Each Tuesday, they open the doors and greet patrons, stock shelves, and load groceries into shoppers’ cars. This experience prepares them for jobs in the community and teaches them management skills to use in their day to day life, like planning a budget for a shopping trip.

Keith Konsoer, a long-time resident of Blue Island, has worked at the pantry every week since it opened. “I love everything here. They’re all my friends,” he said of the other volunteers.

Across the room, Sherry Kaline, another volunteer, helped patrons select personal hygiene and household goods, like lightbulbs and rubber gloves for cleaning. Sherry especially enjoys keeping her mind busy at the pantry and working with her peers to serve the community.

“I came here and found out where my home is,” she said.

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Support Blue Cap Pantry with a donation to April Food Day 2019! Through donations of non-perishable food items, household goods and financial support, you can help more individuals and families in the south-southwest suburbs meet their most basic needs.

 

Blue Island Library Meal Program Helps Silence the Growl of Summer Hunger

On a hot July day in the south suburb of Blue Island, 16 miles from the Chicago Loop, a dozen local kids and their families trickled into the town’s quiet community library. They weren’t simply there to feed their minds with stories, but to fill their stomachs at the library’s summer lunch program.

The program, in its second year, seeks to tackle food insecurity in the community, a problem that swells in the summer months when youth don’t have access to school meals.

Kaity O’Neal, a mother of seven, learned about the program when she started working at the library. She often brings two of her kids, Kaiah, 13, and Elisha, 7, with her to work and they utilize the meal program during the summer break. “They just absolutely love it here,” Katherine said.

Kaiah and Elisha enjoy the snacks, but they especially love the people and activities. “I meet new friends every day and I like to read Origami books,” said Kaiah.

In the 2018 season the Blue Island Library meal program was expanded to a full week of service, and in its first 20 days has served more than 300 kids. In comparison, it served it 186 meals during last year’s 8-week stint when meals were only offered two days a week.

“Blue Island and Robbins [don’t] have a major grocery store. They got rid of it maybe six years ago,” said Ashley Palomo, a United Way-AmeriCorps member, of the region’s status as a “food desert.” To address this dilemma, the program, which is one of dozens of city Summer Food Service Programs supported by the U.S. Department of Agriculture, offers free lunches Monday through Friday to children of all ages.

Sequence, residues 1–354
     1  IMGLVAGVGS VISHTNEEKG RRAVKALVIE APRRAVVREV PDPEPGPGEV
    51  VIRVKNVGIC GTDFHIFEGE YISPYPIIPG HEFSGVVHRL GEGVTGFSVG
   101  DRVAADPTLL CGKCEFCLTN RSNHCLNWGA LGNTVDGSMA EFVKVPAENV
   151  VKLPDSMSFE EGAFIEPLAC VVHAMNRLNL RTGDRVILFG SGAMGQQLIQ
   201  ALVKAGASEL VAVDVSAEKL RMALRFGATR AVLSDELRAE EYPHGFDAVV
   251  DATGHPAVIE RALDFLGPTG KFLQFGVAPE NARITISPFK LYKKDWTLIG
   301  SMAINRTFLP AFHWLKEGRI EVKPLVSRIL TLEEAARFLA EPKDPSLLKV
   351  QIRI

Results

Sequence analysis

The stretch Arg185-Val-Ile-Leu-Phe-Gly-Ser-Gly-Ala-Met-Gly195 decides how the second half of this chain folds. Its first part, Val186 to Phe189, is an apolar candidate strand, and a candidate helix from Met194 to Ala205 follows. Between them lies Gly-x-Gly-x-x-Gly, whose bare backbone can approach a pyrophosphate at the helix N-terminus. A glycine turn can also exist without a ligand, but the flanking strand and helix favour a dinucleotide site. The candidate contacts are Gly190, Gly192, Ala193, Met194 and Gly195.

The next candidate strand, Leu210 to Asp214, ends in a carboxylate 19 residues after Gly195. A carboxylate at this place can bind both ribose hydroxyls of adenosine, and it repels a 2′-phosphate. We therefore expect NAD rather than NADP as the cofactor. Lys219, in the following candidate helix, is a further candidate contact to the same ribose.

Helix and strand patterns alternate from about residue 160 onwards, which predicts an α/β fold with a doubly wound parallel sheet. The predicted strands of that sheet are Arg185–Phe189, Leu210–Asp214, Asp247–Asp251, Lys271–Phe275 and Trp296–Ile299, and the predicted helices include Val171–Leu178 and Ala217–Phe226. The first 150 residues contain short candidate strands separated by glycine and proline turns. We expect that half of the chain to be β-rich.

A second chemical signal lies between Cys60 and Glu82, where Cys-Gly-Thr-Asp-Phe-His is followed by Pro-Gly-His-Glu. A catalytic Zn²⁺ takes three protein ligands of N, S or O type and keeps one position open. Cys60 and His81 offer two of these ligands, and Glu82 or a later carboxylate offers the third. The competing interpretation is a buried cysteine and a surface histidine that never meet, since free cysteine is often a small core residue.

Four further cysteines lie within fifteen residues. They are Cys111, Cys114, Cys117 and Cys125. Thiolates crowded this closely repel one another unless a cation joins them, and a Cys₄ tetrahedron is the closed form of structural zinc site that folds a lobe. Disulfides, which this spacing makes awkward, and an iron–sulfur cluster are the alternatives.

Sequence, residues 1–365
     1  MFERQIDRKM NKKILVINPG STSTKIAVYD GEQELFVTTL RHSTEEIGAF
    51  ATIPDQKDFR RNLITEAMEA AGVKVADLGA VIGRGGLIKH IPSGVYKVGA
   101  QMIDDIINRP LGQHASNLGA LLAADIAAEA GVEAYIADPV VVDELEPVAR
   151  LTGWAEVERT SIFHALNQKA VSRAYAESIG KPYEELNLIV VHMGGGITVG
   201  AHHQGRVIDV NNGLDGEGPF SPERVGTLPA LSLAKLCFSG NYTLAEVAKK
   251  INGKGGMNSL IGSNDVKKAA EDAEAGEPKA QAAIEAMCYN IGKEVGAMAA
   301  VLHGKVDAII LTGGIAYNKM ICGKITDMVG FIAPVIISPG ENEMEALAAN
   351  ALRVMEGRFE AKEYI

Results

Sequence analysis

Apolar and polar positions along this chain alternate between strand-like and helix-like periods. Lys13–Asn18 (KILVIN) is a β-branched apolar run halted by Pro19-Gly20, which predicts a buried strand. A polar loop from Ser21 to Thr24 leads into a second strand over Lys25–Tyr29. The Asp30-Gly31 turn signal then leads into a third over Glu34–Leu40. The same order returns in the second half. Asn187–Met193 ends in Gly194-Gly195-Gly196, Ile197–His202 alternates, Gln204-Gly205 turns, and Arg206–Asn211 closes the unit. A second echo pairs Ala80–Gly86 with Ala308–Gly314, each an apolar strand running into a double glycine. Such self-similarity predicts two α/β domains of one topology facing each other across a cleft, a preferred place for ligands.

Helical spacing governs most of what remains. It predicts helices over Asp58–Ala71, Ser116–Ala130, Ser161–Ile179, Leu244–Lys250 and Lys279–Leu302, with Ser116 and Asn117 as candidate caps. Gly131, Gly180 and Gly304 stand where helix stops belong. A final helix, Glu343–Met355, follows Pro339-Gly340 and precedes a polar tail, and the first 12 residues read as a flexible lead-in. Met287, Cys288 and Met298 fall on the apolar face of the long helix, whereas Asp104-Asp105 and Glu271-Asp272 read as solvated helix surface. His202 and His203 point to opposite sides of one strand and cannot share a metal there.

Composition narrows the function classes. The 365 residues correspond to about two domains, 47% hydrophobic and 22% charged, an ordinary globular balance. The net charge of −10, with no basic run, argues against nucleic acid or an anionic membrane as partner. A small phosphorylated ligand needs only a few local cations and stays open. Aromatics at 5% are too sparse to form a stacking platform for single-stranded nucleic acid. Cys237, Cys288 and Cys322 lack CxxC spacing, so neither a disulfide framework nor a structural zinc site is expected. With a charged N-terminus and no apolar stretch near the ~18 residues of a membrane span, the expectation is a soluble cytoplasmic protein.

Kaiah, 13, and Elisha, 7, eat lunch at the Blue Island Library.

With the help of Ashley and her fellow AmeriCorps member, Kassandra Esparza, the program’s expansion has helped to advance the Blue Island-Robbins Neighborhood Network’s goal to become a physically healthy community.

The Neighborhood Network, a coalition of social service providers who partner with United Way to improve the communities of Blue Island and Robbins, aims to reduce food insecurity for 15 percent of families served by the network by 2027.

On this day, a handful of kids came specifically to the Blue Island Library for the meal program, while others were visiting and stopped in out of curiosity. Gathered at tables in a wood-paneled room filled with local historical artifacts, the kids ate their lunch of chicken Caesar wraps, honeydew, cherry tomatoes and chocolate milk.

Along with their meal, they colored, listened to music and read books, which offered a welcoming break from the humidity outdoors and a chance for their parents to scour the bookshelves upstairs.

A mother of five with a baby on the way, Katherine Guzik, learned about the program while walking through the library that day. It was her first visit, and her 8-year-old Alejandra Ramirez-Guzik was hungry for an early afternoon snack between her mother’s errands.

Like a lot of the parents in the community, Katherine was delighted to learn about the program’s goal to connect kids to meals. “It’s definitely something in the area that’s helpful. If you’ve been to other libraries, a lot of people sit around because they have nowhere else to go,” Katherine said. “It’s important to fill their stomachs.”